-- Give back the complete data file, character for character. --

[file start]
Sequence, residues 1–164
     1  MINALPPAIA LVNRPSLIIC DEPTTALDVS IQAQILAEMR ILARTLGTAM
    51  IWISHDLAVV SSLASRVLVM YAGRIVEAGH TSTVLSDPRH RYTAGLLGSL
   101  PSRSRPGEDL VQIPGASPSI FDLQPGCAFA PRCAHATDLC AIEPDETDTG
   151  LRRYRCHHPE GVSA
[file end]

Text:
Sequence, residues 1–164
     1  MINALPPAIA LVNRPSLIIC DEPTTALDVS IQAQILAEMR ILARTLGTAM
    51  IWISHDLAVV SSLASRVLVM YAGRIVEAGH TSTVLSDPRH RYTAGLLGSL
   101  PSRSRPGEDL VQIPGASPSI FDLQPGCAFA PRCAHATDLC AIEPDETDTG
   151  LRRYRCHHPE GVSA